Well, what can I say? Dion Fortune's book are mostly dry anyways. After reading 4 chapters, I started to have a headache. The materials are a bit heavy. I can't say much though, but after scanning several chapters, I didn't find anything of much practical use. If you want to know about Psychic Self Defense - read Practical Psychic Self Defense by Robert Bruce. He summarized everything you need to know.
Oh, and his book is not dry at all.
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on April 21, 2001
When reading Dion Fortune, I'm always reminded of afternoons spent with a certain stuffy aunt. She's friendly and interesting to listen to, even if she does have a tendency to meander like a senile sylph. In order to glean any insight, however, one must repress the gut reaction one has to the extreme examples of class bigotry and elitism that overwhelm her otherwise wonderful company.
Psychic Self Defense is a prime example of both Fortune's strengths and weaknesses. The book contains a great deal of good information and advice as to what one should do if they suspect an occult assault of some kind. Thankfully, it also includes a warning to avoid jumping to conclusions. Really, most of the information on how to deal with the attack is spot-on and very useful.
It's the part where she illustrates where these attack are likely to come from that makes one cringe inwardly. Fortune's repeated insistance that the "witch-cult" is behind a large number of these assaults is annoying at first and completely laughable by the end. The fact that she cites Montegue Summers as a reliable source should tell you something. Her argument is based on the assumption that any occultist not approved by the Masonic Brotherhood of Holy Innefable Ango-Saxon Tea-Totalers (or the Knights Who Say NEEE! as it were) is automatically a member of the "Left Hand Path", and thus to be suspected and avoided. That and "there can not have been so much smoke (during the witch hunts) if there hadn't been a fire". This is the sort of statement for which the word "sophistry" was invented. What is completly bewildering is that Fortune never accuses the Mideval Church of any sort of psychic wrongdoing. Creating an entity (Satan) and impregnating it with your repressed sexual desires, mobid fears, and prejudices in order to enslave an entire civilization seems like a psychic attack to me, but I could have misinterpreted.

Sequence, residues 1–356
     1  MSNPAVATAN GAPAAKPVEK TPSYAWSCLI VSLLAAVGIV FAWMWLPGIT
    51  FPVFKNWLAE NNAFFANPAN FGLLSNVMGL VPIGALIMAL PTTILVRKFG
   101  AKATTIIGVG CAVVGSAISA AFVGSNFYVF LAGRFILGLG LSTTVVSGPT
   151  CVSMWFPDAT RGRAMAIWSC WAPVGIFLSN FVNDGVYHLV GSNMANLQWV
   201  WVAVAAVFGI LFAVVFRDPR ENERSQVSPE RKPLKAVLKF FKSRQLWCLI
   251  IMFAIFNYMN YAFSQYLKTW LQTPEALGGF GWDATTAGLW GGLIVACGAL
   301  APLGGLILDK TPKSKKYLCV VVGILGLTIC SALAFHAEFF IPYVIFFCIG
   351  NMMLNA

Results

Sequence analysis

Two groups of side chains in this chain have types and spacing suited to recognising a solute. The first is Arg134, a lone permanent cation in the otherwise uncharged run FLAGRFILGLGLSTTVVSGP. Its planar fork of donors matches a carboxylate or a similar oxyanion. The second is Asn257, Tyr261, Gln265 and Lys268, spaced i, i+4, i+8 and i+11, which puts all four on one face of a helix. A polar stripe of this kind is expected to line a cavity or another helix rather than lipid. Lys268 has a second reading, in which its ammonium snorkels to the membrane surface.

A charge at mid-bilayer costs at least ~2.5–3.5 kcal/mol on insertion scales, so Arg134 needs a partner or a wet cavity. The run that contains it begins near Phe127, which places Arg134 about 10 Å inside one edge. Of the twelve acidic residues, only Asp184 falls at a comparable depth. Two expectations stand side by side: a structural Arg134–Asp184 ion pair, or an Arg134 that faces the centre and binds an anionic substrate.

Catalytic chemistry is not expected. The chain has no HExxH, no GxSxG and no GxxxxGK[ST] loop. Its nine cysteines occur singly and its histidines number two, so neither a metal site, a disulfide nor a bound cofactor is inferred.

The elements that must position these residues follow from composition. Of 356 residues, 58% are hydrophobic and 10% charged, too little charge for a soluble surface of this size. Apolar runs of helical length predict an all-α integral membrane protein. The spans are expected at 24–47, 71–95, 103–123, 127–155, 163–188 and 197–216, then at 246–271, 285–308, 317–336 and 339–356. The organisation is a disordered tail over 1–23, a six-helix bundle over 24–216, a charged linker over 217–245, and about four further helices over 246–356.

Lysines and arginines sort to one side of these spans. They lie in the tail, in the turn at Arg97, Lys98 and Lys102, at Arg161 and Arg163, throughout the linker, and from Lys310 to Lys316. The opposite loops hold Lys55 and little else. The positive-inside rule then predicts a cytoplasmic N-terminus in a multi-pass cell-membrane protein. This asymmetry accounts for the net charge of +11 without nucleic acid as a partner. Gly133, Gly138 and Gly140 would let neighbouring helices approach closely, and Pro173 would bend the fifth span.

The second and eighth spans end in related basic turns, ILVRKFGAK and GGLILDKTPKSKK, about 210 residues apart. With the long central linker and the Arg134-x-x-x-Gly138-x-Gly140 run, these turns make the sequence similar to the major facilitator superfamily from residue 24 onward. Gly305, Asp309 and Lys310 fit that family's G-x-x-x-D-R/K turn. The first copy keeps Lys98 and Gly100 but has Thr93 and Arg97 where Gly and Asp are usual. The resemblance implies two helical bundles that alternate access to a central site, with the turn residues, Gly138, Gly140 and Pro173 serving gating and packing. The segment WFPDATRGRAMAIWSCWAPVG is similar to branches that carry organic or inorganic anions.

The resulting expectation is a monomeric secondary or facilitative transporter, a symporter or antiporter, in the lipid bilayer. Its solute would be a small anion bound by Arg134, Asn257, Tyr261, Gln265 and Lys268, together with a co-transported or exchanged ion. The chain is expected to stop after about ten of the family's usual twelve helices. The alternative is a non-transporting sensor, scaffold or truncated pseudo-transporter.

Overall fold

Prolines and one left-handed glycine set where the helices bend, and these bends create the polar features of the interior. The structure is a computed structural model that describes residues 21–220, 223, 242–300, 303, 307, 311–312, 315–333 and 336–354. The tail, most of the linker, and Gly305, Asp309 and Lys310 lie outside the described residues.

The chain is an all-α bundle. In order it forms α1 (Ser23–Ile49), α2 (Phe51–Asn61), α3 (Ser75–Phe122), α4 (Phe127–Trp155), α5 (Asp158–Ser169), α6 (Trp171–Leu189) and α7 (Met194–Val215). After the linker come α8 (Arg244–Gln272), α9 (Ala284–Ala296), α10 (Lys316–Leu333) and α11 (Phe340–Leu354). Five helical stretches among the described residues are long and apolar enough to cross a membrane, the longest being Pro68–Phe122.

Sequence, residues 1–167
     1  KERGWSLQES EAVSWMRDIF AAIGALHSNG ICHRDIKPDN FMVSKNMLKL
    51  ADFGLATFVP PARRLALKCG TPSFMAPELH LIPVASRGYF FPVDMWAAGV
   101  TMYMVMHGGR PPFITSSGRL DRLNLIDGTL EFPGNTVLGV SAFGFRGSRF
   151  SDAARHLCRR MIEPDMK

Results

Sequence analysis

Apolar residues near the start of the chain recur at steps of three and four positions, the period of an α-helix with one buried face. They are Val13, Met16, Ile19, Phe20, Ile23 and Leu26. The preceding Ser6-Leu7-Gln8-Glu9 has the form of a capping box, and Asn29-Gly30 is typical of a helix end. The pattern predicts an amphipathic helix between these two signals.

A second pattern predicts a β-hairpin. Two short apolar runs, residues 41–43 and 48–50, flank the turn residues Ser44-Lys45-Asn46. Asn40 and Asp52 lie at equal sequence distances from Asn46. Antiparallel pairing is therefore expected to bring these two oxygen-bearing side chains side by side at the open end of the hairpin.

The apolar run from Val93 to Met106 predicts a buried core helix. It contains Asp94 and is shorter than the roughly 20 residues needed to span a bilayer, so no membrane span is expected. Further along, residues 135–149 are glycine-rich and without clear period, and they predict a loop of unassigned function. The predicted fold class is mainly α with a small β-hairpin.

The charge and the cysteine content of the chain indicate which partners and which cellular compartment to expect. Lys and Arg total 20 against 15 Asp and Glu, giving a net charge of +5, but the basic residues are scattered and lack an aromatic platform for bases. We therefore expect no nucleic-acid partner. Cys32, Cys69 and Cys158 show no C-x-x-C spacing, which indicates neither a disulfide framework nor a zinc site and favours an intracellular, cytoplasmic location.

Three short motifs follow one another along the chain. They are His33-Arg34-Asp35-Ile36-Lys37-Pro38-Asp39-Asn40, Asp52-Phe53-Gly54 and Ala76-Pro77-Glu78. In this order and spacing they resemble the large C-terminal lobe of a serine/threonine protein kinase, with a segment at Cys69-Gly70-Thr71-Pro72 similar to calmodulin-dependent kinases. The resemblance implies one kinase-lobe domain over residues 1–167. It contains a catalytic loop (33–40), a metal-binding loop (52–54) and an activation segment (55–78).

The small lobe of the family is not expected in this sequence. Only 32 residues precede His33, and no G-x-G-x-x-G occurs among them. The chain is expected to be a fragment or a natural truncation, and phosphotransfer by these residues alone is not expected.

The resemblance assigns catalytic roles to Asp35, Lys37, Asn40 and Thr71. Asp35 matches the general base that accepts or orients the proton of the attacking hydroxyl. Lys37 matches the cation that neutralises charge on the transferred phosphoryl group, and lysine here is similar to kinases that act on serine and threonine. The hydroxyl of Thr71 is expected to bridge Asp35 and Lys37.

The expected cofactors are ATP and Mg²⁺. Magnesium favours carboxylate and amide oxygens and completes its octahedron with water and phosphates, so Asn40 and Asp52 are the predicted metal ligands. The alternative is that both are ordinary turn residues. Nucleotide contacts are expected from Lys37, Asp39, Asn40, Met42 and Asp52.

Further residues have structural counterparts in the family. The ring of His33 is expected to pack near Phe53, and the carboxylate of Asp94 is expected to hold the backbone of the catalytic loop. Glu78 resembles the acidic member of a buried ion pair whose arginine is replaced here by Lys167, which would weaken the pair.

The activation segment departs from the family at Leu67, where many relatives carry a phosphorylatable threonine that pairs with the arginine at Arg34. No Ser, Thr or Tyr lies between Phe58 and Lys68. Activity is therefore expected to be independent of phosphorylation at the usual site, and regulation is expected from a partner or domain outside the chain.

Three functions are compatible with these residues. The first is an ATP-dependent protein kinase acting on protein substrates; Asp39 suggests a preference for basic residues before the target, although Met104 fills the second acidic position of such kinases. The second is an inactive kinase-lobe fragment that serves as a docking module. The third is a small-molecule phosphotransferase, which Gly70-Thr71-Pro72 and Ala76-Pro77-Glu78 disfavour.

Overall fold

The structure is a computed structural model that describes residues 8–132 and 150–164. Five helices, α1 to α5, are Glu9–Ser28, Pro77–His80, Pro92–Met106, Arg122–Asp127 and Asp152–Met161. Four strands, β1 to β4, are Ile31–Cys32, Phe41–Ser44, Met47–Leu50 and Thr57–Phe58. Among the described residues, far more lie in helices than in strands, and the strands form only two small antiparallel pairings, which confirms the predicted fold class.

There are mainy statements in this book, about Africans, Indians, and even (for crying out loud) Buddhists, that are just plain racist. The story of her encounter with the "Occult Police" implies that British Imperialism in India was justified.
It is a shame that good information has to be buried under such a heap of total garbage. Luckily, Fortune is in spite of it all, a superb writer. She is quite witty when she wants to be, and a very good storyteller. This redeems the work in many places, and keeps you reading where you might not if her prose were inferior.
I would reccomend this book just for the information on the signs of an unscrupulous organization, which are farily prosaic and common sense. Much can be learned, if you just tune out the static and listen for what rings true.
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on June 29, 2002
Ok, first of all if you are a wiccan/witch/neo-pagan, take it easy. Dion Fortune obviously had a different definition for you than you had for yourselves. She saw the term "witch" not as a neo-pagan religion, but as a synonym for practitioners of black magic. As for the people offended by use of racist and class terms, remembber this was written around seventy years ago in a class conscious society. Lastly, as for the people who found her writing to be difficult to read or understand, it is archaic, and filled with references that are no longer common. I also admit that she puts a definite Judeo-Christian spin on things. If you can't deal with any of these facts, then don't read this book. Instead read "Practical Guide to Psychic Self-Defense" by Denning and Phillips and "Monsters" by John Michael Greer, both titles by Lewelleyn. They have the same information, but in greater detail, and they lack the Judo-Christian slant.
If you want to read an excellent first hand account of psychic attack, and the development and mistakes of an occultist, then read Dion Fortune. She is great, the writing is wonderful and witty. She gives tons of information, and she was one of the first people to write on the topic. I recommend this book for those reasons. Plus the stories of her experiences in the beginning of the book are fascinating to say the least.